Canadians Rethinking How They Spend With Pandemic Money Habits Here to Stay, New Scotiabank Survey

·4 min read
  • 63% of Canadians do not plan to return to pre-pandemic spending levels

  • 53% of Canadians plan to cut back even more on spending

  • 55% of Canadians are expecting their ability to save money will decrease

TORONTO, Oct. 28, 2021 /CNW/ - Canadians will spend cautiously in the months ahead and maintain their pandemic money habits as the economy re-opens, according to the latest Scotiabank Money Habits Survey. According to the survey of over 1,500 Canadians, nearly two out of three Canadians (63%) say they do not plan to return to their pre-pandemic spending habits, while half (53%) say they plan to cut back.

Scotiabank Logo (CNW Group/Scotiabank)
Scotiabank Logo (CNW Group/Scotiabank)

As opportunities to spend on pre-pandemic activities increase with the return to more 'normal' ways of life, 55% of Canadians are expecting their ability to save money will decrease. As such, almost half of Canadians (42%) are feeling anxious about their personal finances, with most of those respondents (84%) feeling the same or more anxious today than they did at the start of the pandemic. Scotiabank also found that most Canadians (81%) are worried about the increased cost of living and how that impacts their finances.

"Earlier this year we saw Canadians curb their spending, keep a closer watch on their finances, and refine some of their money habits because of the pandemic. Six months later, now with fewer restrictions and the economy beginning to reopen, Canadians are keen on keeping up with the positive habits they developed," said D'Arcy McDonald, Senior Vice President of Day-to-Day Banking at Scotiabank. "The Scotiabank Money Habits survey revealed that even with good habits, Canadians are still anxious about the future of their finances."

These results reinforce Scotiabank's Money Habits Survey from spring 2021 where Canadians were eager to get back to travel, gatherings with friends and loved ones, and visiting restaurants, but were still not planning on returning to their pre-pandemic spending patterns. Canadians who took up activities like baking and cooking, virtual fitness classes, ordering in take-out or grocery kits, and television streaming services reported continuing these activities at virtually the same levels as they did last Spring.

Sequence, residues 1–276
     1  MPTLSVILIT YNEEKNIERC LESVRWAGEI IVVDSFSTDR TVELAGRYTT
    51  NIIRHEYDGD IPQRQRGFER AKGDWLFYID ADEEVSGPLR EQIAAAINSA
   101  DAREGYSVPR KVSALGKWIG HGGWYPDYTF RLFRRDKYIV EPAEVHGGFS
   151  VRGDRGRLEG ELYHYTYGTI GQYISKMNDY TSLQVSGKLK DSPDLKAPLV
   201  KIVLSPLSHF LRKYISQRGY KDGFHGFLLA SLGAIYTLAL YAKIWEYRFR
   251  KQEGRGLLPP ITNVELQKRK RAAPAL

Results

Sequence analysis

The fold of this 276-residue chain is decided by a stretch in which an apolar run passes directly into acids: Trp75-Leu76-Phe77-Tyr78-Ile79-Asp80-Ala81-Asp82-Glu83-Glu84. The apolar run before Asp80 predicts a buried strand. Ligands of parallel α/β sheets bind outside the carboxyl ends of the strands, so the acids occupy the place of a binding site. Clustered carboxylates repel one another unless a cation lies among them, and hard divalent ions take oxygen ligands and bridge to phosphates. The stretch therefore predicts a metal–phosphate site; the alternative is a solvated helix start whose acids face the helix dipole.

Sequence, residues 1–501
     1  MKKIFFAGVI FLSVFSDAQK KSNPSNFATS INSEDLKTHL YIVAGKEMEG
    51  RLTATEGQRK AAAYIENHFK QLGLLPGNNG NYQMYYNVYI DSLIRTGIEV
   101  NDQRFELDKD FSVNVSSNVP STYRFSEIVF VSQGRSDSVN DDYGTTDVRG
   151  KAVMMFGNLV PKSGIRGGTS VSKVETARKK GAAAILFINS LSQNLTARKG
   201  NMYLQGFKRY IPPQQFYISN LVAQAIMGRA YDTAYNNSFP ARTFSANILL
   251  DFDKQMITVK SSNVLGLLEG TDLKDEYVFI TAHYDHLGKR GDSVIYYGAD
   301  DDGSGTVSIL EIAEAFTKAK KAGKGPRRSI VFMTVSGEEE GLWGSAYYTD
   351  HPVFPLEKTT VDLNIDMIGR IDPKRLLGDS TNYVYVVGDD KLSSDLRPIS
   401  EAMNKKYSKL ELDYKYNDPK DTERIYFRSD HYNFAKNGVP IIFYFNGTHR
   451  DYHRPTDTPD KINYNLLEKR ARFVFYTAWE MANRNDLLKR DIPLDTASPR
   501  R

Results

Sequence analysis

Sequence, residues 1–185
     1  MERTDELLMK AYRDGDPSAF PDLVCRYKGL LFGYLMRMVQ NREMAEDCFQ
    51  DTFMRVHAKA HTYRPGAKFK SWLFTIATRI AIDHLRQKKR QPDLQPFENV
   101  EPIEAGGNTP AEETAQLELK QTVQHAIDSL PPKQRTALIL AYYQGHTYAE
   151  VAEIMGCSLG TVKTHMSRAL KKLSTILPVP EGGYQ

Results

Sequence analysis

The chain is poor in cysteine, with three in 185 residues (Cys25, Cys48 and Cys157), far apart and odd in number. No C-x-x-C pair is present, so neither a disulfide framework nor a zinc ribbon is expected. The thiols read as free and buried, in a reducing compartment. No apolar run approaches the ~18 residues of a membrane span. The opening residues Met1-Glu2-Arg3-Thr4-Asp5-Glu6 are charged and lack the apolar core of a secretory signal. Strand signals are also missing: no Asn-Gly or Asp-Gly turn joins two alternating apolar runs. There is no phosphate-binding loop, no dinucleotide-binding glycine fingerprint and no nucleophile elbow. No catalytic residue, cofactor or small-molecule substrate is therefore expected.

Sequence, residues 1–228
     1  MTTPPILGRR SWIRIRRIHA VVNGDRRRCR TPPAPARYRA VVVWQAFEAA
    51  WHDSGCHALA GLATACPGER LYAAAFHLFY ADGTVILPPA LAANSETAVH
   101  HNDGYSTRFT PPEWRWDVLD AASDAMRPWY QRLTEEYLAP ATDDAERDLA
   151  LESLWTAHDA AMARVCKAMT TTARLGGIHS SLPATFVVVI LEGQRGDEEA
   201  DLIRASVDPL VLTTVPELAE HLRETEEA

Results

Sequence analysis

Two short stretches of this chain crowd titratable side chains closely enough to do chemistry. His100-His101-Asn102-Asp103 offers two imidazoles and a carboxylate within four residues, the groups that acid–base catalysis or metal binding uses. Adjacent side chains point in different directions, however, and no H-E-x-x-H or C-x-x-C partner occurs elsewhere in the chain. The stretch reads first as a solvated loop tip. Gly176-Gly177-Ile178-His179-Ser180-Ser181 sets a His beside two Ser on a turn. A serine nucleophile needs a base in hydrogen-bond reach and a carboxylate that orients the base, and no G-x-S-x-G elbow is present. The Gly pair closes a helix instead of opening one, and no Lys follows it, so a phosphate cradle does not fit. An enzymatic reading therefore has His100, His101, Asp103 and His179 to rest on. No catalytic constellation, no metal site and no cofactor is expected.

Regional and Generational Divide

While there are no significant differences between urban and rural areas, Canadians in the Greater Toronto Area are the most anxious about their personal financial situation (50%) compared to people in Vancouver (40%) and in Montreal (33%).

Among those feeling anxious towards their finances, residents of Alberta (39%), Ontario (40%), and the Atlantic provinces (39%) are significantly more anxious than residents of Quebec (24%).

The survey also found that younger Canadians between the ages of 18-34 were most anxious about their personal finances (51%) while those in the 55+ age group were least anxious (31%). Only 31% of respondents who were 55+ indicated they are anxious about their finances.

Scotiabank's Top Tips to Manage Financial Anxiety

  1. Don't go at it alone - Seeking advice from an advisor can calm some of those post pandemic finance anxieties. Scotiabank advisors can provide you with the support and financing that you need in the months ahead.

  2. Always be prepared for what might come next – If the pandemic taught us anything, it's that we should always have a backup plan if things don't go according to plan. Start by creating an emergency savings account and putting aside some money each month. This way you can ensure you have a backup cash reserve in case of an emergency.

  3. Double check those reoccurring subscriptions – One habit that Canadians picked up during the pandemic was switching to automated services, such as streaming services. However, sometimes we forget we created those accounts while still getting billed for them. Check your credit card statements at the end of each month to catch those reoccurring services you may have forgotten you added in the middle of the lockdown.

Scotiabank Can Help

For customers concerned about navigating their financial plans, Advice+ is a service that offers customers a range of options to seek financial advice during these challenging times. Advice+ offers an online hub called the Scotia Advice Centre, which provides a comprehensive self-help approach to financial planning and the option to book an in-person appointment with a Scotiabank financial advisor for more personalized, tailored advice.


Scotiabank's Money Habits survey was conducted by Maru/Blue on behalf of Scotiabank from September 10th - September 11th, 2021. A total of 1,507 completed surveys were collected from a random sample of Canadian residents.

About Scotiabank:
Scotiabank is a leading bank in the Americas. Guided by our purpose: "for every future" we help our customers, their families and their communities achieve success through a broad range of advice, products and services, including personal and commercial banking, wealth management and private banking, corporate and investment banking, and capital markets. With a team of over 90,000 employees and assets of approximately $1.2 trillion (as at July 31, 2021), Scotiabank trades on the Toronto Stock Exchange (TSX: BNS) and New York Stock Exchange (NYSE: BNS). For more information, please visit and follow us on Twitter @ScotiabankViews.

SOURCE Scotiabank


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